SB 9.16.34 — When the elder Madhucchandās were cursed, the younger fifty, along with Madhucchandā himself, approached their father and agreed to accept his proposal. “Dear father,” they said, “we shall abide by whatever arrangement you like.”
SB 9.16.35 — Thus the younger Madhucchandās accepted Śunaḥśepha as their eldest brother and told him, “We shall follow your orders.” Viśvāmitra then said to his obedient sons, “Because you have accepted Śunaḥśepha as your eldest brother, I am very satisfied. By accepting my order, you have made me a father of worthy sons, and therefore I bless all of you to become the fathers of sons also.”
SB 9.16.36 — Viśvāmitra said, “O Kuśikas [descendants of Kauśika], this Devarāta is my son and is one of you. Please obey his orders.” O King Parīkṣit, Viśvāmitra had many other sons, such as Aṣṭaka, Hārīta, Jaya and Kratumān.
SB 9.16.37 — Viśvāmitra cursed some of his sons and blessed the others, and he also adopted a son. Thus there were varieties in the Kauśika dynasty, but among all the sons, Devarāta was considered the eldest.
SB 9.17.1-3 — Śukadeva Gosvāmī said: From Purūravā came a son named Āyu, whose very powerful sons were Nahuṣa, Kṣatravṛddha, Rajī, Rābha and Anenā. O Mahārāja Parīkṣit, now hear about the dynasty of Kṣatravṛddha. Kṣatravṛddha’s son was Suhotra, who had three sons, named Kāśya, Kuśa and Gṛtsamada. From Gṛtsamada came Śunaka, and from him came Śaunaka, the great saint, the best of those conversant with the Ṛg Veda.
SB 9.17.4 — The son of Kāśya was Kāśi, and his son was Rāṣṭra, the father of Dīrghatama. Dīrghatama had a son named Dhanvantari, who was the inaugurator of the medical science and an incarnation of Lord Vāsudeva, the enjoyer of the results of sacrifices. One who remembers the name of Dhanvantari can be released from all disease.
SB 9.17.5 — The son of Dhanvantari was Ketumān, and his son was Bhīmaratha. The son of Bhīmaratha was Divodāsa, and the son of Divodāsa was Dyumān, also known as Pratardana.
SB 9.17.6 — Dyumān was also known as Śatrujit, Vatsa, Ṛtadhvaja and Kuvalayāśva. From him were born Alarka and other sons.
SB 9.17.7 — Alarka, the son of Dyumān, reigned over the earth for sixty-six thousand years, my dear King Parīkṣit. No one other than him has reigned over the earth for so long as a young man.
SB 9.17.8 — From Alarka came a son named Santati, and his son was Sunītha. The son of Sunītha was Niketana, the son of Niketana was Dharmaketu, and the son of Dharmaketu was Satyaketu.
SB 9.17.9 — O King Parīkṣit, from Satyaketu came a son named Dhṛṣṭaketu, and from Dhṛṣṭaketu came Sukumāra, the emperor of the entire world. From Sukumāra came a son named Vītihotra; from Vītihotra, Bharga; and from Bharga, Bhārgabhūmi.
SB 9.17.10 — O Mahārāja Parīkṣit, all of these kings were descendants of Kāśi, and they could also be called descendants of Kṣatravṛddha. The son of Rābha was Rabhasa, from Rabhasa came Gambhīra, and from Gambhīra came a son named Akriya.
SB 9.17.11 — The son of Akriya was known as Brahmavit, O King. Now hear about the descendants of Anenā. From Anenā came a son named Śuddha, and his son was Śuci. The son of Śuci was Dharmasārathi, also called Citrakṛt.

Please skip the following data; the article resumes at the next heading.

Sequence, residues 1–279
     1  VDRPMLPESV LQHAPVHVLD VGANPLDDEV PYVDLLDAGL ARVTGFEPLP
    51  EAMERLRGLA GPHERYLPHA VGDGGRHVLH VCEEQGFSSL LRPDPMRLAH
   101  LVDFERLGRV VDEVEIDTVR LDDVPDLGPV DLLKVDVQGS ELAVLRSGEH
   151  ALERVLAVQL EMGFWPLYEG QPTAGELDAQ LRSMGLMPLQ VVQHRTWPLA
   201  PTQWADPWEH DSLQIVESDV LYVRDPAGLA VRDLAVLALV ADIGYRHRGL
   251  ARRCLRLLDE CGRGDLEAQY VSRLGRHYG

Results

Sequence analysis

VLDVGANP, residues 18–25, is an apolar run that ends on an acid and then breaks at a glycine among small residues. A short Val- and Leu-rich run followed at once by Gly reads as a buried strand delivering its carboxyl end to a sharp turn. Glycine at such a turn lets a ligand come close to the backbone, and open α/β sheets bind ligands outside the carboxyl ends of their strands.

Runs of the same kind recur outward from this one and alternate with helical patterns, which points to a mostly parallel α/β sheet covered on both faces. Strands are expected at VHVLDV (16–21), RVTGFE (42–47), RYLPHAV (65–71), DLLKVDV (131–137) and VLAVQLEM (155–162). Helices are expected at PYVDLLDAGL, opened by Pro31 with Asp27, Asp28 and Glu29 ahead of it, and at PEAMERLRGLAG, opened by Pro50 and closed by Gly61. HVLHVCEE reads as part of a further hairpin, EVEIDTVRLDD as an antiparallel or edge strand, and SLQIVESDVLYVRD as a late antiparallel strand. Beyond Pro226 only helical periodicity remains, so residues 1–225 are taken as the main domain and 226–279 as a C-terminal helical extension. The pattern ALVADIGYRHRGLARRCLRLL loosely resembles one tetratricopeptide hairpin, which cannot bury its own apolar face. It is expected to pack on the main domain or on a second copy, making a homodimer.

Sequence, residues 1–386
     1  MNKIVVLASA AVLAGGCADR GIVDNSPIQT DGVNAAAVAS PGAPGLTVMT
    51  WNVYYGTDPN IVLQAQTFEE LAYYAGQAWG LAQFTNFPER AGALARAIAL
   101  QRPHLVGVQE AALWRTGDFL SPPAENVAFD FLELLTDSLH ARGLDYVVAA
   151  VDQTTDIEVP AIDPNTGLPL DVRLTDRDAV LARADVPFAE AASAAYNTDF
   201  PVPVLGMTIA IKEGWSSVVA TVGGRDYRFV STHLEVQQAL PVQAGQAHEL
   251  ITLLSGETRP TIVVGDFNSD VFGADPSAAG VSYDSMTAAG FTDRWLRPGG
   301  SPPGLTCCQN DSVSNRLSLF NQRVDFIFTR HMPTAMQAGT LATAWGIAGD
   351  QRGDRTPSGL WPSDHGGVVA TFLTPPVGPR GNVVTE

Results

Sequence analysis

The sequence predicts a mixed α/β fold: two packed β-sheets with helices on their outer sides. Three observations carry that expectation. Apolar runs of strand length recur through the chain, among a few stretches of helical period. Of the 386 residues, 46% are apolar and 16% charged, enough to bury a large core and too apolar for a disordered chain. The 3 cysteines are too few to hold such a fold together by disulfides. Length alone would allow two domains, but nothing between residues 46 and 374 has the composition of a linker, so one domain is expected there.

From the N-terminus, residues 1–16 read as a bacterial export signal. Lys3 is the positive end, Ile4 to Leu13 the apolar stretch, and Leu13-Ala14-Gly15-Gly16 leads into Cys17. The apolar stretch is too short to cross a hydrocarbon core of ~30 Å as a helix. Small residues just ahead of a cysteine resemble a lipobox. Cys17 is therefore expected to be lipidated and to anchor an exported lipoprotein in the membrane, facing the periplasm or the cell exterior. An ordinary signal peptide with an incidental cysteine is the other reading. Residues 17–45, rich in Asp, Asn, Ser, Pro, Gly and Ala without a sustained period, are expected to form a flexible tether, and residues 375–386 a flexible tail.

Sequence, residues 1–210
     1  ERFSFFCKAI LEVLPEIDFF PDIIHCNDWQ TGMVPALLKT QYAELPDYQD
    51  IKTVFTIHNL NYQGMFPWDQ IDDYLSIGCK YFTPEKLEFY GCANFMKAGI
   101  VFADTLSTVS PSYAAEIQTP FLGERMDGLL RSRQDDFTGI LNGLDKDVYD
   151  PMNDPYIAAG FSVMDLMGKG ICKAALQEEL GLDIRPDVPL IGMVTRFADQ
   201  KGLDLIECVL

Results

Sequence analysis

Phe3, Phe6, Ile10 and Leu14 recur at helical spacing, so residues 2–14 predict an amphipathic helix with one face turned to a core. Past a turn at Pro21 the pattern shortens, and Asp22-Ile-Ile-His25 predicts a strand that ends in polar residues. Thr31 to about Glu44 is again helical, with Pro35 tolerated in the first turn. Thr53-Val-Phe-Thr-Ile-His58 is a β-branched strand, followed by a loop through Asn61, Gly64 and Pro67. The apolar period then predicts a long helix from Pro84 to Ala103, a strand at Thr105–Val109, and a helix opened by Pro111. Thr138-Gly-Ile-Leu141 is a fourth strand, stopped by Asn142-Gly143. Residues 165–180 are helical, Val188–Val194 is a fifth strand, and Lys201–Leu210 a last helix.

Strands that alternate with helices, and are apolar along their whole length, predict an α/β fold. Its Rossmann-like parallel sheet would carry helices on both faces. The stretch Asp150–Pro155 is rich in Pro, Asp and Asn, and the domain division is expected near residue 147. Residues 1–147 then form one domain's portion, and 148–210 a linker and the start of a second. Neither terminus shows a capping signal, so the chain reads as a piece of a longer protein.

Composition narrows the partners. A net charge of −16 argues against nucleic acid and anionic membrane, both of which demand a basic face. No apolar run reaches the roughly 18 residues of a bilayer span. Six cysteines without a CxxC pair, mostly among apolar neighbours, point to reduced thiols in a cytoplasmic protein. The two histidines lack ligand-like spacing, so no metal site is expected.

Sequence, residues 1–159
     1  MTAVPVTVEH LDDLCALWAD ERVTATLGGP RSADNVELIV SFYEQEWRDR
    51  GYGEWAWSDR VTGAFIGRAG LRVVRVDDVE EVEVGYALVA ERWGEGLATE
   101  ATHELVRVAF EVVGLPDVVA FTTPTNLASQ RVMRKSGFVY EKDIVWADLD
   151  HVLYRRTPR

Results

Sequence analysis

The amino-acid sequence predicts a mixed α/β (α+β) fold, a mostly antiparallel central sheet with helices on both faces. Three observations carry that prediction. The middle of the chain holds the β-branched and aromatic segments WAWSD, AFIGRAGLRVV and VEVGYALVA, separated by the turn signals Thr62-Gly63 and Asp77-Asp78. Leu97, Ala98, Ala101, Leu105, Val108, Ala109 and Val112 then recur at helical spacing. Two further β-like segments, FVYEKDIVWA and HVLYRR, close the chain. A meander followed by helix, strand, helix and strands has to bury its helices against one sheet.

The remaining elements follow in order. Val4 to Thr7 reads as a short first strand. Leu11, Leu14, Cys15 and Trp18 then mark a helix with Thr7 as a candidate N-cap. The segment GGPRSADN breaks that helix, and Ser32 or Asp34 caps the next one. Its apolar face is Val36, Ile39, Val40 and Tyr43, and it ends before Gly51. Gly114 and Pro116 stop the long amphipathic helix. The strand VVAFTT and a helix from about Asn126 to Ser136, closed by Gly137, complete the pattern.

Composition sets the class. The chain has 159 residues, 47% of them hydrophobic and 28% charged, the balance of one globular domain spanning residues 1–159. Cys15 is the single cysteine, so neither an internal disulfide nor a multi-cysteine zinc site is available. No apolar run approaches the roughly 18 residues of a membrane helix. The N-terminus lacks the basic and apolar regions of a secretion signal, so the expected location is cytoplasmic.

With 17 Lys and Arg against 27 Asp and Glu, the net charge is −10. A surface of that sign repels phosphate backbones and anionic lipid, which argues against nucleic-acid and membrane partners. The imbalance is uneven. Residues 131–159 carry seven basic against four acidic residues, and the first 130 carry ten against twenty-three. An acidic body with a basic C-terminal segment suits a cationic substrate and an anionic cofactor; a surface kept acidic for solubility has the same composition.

SB 9.17.12 — From Citrakṛt was born a son named Śāntaraja, a self-realized soul who performed all kinds of Vedic ritualistic ceremonies and therefore did not beget any progeny. The sons of Rajī were five hundred, all very powerful.
SB 9.17.13 — On the request of the demigods, Rajī killed the demons and thus returned the kingdom of heaven to Lord Indra. But Indra, fearing such demons as Prahlāda, returned the kingdom of heaven to Rajī and surrendered himself at Rajī’s lotus feet.
SB 9.17.14 — Upon Rajī’s death, Indra begged Rajī’s sons for the return of the heavenly planet. They did not return it, however, although they agreed to return Indra’s shares in ritualistic ceremonies.
SB 9.17.15 — Thereafter, Bṛhaspati, the spiritual master of the demigods, offered oblations in the fire so that the sons of Rajī would fall from moral principles. When they fell, Lord Indra killed them easily because of their degradation. Not a single one of them remained alive.
SB 9.17.16 — From Kuśa, the grandson of Kṣatravṛddha, was born a son named Prati. The son of Prati was Sañjaya, and the son of Sañjaya was Jaya. From Jaya, Kṛta was born, and from Kṛta, King Haryabala.
SB 9.17.17 — From Haryabala came a son named Sahadeva, and from Sahadeva came Hīna. The son of Hīna was Jayasena, and the son of Jayasena was Saṅkṛti. The son of Saṅkṛti was the powerful and expert fighter named Jaya. These kings were the members of the Kṣatravṛddha dynasty. Now let me describe to you the dynasty of Nahuṣa.
SB 9.18.1 — Śukadeva Gosvāmī said: O King Parīkṣit, as the embodied soul has six senses, King Nahuṣa had six sons, named Yati, Yayāti, Saṁyāti, Āyati, Viyati and Kṛti.
SB 9.18.2 — When one enters the post of king or head of the government, one cannot understand the meaning of self-realization. Knowing this, Yati, the eldest son of Nahuṣa, did not accept the power to rule, although it was offered by his father.
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